Richard McArley was involved in the embryonic Hello Sailor as a friend of Graham Brazier and Dave McArtney. Once in Auckland, he took me round to a house and played me a tape of about 30 songs, which were Hello Sailor's early demos, mostly acoustic. Richard played slide guitar and harmonica. It was a terrific tape that I'd love to hear again – Richard lost his copy out of his truck on the Desert Road some years later. When I spoke to him recently he assured me with a smile he was the finest fibrous plasterer in Auckland and still plays a bit around the house. And he has become an extremely keen golfer.
Steve Brett is a dentist in Wanaka, still married to Fiona, his childhood sweetheart from Waikouaiti. I ran into him at the 1996 Gold Guitars in Gore where he was playing bass for a country rock band called Highway 89. He still looked exactly the same, young and impossibly bright-eyed. The night before his band told me Steve had been so drunk he sang 'Get Off My Cloud' at a rugby club do. Steve didn't remember a thing about it. Steve now plays around once a month in Highway 89 Revisited, the new members being Dunedin rock luminaries Norman Bresanello and the late Ali McDougal.
Roger Nixon, I never kept up with. He turned up in the Sunday Times in a feature once, having made a zillion dollars from something to do with computers. That was in Christchurch, I think.
The band came back together in Easter 1993 at the Stash reunion in Dunedin with Dave Kirkland on drums. He had originally replaced Nixon in the band. McArley and Brett borrowed a tape of the first Pretty Things album off me, had a quick practice and everything fell into place. They played great all weekend – a fine version of 'Mama Keep Your Big Mouth Shut' is on the Yellow Eye Records Dunedin triple CD compilation, But I Can Write Songs Okay.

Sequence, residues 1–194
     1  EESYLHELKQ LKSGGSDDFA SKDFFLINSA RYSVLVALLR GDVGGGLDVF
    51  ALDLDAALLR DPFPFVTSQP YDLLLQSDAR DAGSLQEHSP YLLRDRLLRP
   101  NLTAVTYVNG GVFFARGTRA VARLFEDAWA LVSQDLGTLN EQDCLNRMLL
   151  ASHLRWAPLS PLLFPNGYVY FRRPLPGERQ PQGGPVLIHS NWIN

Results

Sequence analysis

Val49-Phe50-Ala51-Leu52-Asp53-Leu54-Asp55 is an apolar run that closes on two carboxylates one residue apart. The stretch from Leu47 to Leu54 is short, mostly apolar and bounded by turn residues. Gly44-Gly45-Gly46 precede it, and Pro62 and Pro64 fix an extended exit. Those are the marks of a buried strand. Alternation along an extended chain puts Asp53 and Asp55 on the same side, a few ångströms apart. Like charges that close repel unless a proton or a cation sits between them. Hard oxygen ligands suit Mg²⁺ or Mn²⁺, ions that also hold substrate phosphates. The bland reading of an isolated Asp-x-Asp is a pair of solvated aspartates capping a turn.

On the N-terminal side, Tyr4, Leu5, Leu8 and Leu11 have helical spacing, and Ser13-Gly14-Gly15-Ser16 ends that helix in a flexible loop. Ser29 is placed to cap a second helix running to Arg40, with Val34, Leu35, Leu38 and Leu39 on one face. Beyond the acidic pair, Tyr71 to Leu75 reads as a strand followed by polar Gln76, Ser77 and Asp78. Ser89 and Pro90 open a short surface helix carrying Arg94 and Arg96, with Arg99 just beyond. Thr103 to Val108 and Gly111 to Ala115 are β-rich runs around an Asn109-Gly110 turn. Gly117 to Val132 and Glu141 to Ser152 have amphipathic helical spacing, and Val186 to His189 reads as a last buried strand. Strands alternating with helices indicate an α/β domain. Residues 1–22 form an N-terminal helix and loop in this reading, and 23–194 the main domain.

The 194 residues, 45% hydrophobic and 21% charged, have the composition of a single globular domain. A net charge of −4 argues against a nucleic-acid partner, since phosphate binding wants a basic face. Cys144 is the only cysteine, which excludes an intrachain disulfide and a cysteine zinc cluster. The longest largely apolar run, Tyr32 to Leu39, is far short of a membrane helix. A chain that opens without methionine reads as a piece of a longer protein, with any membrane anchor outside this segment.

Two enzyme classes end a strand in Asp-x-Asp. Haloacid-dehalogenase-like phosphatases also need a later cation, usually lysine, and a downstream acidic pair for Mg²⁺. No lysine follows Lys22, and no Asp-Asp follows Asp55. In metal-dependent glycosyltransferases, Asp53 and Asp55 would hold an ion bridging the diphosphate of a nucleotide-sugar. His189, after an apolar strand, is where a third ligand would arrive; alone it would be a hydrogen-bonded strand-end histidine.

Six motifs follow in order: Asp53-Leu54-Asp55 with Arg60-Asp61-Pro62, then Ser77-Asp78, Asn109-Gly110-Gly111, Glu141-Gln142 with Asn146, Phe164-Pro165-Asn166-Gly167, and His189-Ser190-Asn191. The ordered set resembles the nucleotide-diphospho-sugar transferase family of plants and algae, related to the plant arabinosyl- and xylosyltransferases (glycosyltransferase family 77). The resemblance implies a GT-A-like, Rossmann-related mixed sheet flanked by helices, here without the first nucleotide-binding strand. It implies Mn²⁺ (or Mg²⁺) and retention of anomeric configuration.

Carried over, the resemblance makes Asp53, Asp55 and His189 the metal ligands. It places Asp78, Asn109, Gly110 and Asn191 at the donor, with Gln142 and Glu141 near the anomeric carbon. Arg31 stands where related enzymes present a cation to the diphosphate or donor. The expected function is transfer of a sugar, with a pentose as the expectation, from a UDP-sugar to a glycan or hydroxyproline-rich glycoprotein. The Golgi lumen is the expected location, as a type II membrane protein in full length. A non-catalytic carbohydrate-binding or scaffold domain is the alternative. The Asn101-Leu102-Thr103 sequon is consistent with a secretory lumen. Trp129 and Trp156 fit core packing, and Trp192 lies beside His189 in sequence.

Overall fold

That was as close as The Third Chapter ever came to recording. They did make a tape in the McArley family garage in 1966 with the aforementioned Ian Fraser on vocals. They did two Rolling Stones songs, 'Get Off My Cloud' and 'Time Is On My Side'. Fraser recalled it as a very drunken experience. He thought he might know where the tape was and I turned his father loose on the case accordingly, but nothing turned up. Shame.
Were The Third Chapter a good band? I think so, though I was young and silly and had very little to compare them with. But I know one thing, they played fucking great songs, and they made every weekend one to look forward to. You can't ask for more than that when you're sixteen years old.
Richard McArley - guitar, harmonica, vocals
Chris Brett - guitar, vocals
Steve Brett - bass, vocals
Roger Nixon - drums